Saturday of the Fourth Week of Lent (March 21st, 2015)

The Old Testament Book of the Prophet Jeremiah is best described as sustained lament. The Israelites have preferred dark deeds to the Light of God, serving false gods, and abandoning the covenants that God had established with their ancestors. As such, they stand on a precipice that leads only to disaster. A terrifying cataclysm is about to overtake the Israelites- the prophet Jeremiah foresees this catastrophe, warns the Israelites of the impending wrath to come- but alas! The prophet’s warnings come to naught!

In 587 BC the armies of Babylon invade the land of the Israelites and the once mighty Kingdom of David is wiped off the face of the earth. Rather than change, the people were in the pride of their refusals utterly ruined.

The warnings of the Prophet Jeremiah were not well received by the Israelites. He was accused of fomenting unrest, exacerbating an already tense political situation, meddling in affairs of state, not working with the appropriate religious authorities, and just being plain difficult and negative. He was publically humiliated and eventually killed- by the very people he loved and had sought to save.

As such, Jeremiah is identified by the great saints and sages of the Church as being very much like Christ, who out of love for his people speaks difficult truths that they do not want to hear- and as a result, suffers humiliation and death, like Jeremiah, by the very people he loved and had come to save. The lamentations of the Prophet Jeremiah are recalled during Lent and Holy Week because the words of the prophet so eloquently express the sorrow of Christ as he endures his suffering and death.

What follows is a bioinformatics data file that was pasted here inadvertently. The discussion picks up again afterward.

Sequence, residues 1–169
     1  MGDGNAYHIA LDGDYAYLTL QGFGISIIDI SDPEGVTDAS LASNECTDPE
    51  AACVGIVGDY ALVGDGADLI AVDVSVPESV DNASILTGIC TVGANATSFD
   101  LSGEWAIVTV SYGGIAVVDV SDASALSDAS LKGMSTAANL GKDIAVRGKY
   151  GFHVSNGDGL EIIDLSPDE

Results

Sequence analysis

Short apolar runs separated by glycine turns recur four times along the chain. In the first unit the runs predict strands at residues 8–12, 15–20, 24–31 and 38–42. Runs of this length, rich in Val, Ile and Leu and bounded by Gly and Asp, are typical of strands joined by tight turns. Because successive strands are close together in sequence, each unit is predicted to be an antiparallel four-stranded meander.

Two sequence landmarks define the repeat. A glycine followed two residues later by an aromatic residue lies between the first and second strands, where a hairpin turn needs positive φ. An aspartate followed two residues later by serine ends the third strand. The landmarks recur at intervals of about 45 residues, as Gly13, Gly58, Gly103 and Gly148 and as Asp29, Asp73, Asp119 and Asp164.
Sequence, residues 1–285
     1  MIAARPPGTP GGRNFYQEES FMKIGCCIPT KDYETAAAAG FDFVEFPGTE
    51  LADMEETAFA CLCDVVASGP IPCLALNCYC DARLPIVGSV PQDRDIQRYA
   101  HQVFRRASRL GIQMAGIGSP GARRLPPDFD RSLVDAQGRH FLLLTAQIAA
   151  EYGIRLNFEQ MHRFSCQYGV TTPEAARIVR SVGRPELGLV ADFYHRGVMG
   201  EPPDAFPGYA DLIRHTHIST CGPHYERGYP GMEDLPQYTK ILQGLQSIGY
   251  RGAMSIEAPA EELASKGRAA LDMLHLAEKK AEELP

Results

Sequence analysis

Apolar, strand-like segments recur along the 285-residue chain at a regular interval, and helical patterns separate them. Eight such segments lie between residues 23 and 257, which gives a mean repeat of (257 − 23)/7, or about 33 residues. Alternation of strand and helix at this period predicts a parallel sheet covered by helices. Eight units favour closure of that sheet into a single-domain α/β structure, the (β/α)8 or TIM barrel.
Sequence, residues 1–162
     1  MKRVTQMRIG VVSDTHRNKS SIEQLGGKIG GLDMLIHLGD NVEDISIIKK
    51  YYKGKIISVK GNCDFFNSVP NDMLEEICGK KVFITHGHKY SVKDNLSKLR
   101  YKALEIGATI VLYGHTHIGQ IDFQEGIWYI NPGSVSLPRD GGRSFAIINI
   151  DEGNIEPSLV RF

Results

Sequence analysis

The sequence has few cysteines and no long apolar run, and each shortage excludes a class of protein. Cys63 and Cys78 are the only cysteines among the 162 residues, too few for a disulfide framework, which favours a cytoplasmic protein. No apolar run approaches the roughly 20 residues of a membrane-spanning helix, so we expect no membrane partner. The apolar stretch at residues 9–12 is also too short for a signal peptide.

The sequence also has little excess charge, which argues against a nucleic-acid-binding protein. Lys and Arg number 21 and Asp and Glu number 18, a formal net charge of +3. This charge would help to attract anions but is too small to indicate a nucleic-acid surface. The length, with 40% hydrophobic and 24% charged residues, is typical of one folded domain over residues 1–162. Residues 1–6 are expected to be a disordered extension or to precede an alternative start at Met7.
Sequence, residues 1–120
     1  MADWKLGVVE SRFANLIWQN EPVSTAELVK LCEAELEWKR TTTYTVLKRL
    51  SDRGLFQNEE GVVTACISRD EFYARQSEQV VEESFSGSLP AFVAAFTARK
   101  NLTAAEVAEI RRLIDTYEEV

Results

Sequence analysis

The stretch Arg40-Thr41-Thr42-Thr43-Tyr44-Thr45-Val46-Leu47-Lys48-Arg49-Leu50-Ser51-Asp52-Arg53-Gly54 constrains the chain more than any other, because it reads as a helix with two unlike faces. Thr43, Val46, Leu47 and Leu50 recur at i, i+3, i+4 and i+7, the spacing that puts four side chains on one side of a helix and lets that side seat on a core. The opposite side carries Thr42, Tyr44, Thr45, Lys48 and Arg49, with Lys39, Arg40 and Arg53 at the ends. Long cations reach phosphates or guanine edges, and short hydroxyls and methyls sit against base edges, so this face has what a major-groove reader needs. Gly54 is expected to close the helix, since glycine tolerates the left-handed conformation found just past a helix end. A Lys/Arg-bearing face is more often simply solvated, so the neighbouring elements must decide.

The words of Jeremiah are marked as important and remembered by the Church because they foreshadow our own refusal of Christ.

The refusal of Christ is not just something that some people did long ago and in a far away place, but it exists in each and every one of us. We are not to look at the image of the Crucified Savior or listen to the accounts of his suffering and death and think that blame can be assigned for what he see and hear to anyone but ourselves. The revelation of the Cross anticipates all our refusals of Christ, our stubborn unwillingness to love what Christ loves and serve what Christ serves. The shadow of the Cross is cast over our pain-filled unwillingness to forgive.

Once, the lamentations of Jeremiah called the Israelites to conversion and repentance, and now, those lamentations call to us and beg of us the conversion and repentance that it is the only way out of darkness of our refusals of Christ.

The Sacrament of Reconciliation has been given to us by Christ to make our conversion and repentance a concrete reality rather than just an idea or feeling.

Great divisions overtake the leaders of the Israelites in regards to the claims that the Lord Jesus is the Christ. “Christ” means “the anointed one”, a reference to the kings of Israel, and as such, there is fear that the Lord Jesus may be the promised Messiah, a person of extraordinary power that God would send into the world to restore the Kingdom of David.

The Lord Jesus has been saying and doing things that indicate that he is the Christ, and if this worries the leaders of the Israelites because if he proves himself to be the Christ their lives will have to change.

Change is difficult and exposes us to what is risky and unknown. As such, many people would rather be ruined than changed- but this is not what God in Christ wants. God in Christ prefers that we be changed rather than ruined.

The change that Christ asks of us is not change for its own sake or change for the sake of keeping up with the times. The change Christ asks of us is the change that happens when we give our lives over to Christ as a gift.

Giving our lives over to Jesus Christ as a gift is what being a disciple is all about. Once you do this, Jesus Christ responds by giving you a mission, and it is from the gift of self to the Lord Jesus and accepting the mission he assigns to you that gives your life meaning and purpose.

The reception of the Eucharist is meant to be an expression of your willingness to give your life over to Jesus Christ. When you receive the Eucharist you ratify a marvelous exchange in which God in Christ gives his divine life over to you and you in return give your life to him.

Give your life over to Christ: this is the change that Christ the Lord invites us to accept, the change that rescues us from being ruined by our refusals of God; the change that imparts meaning and purpose to our lives.

The change by which you make your life right now a gift to Jesus Christ.

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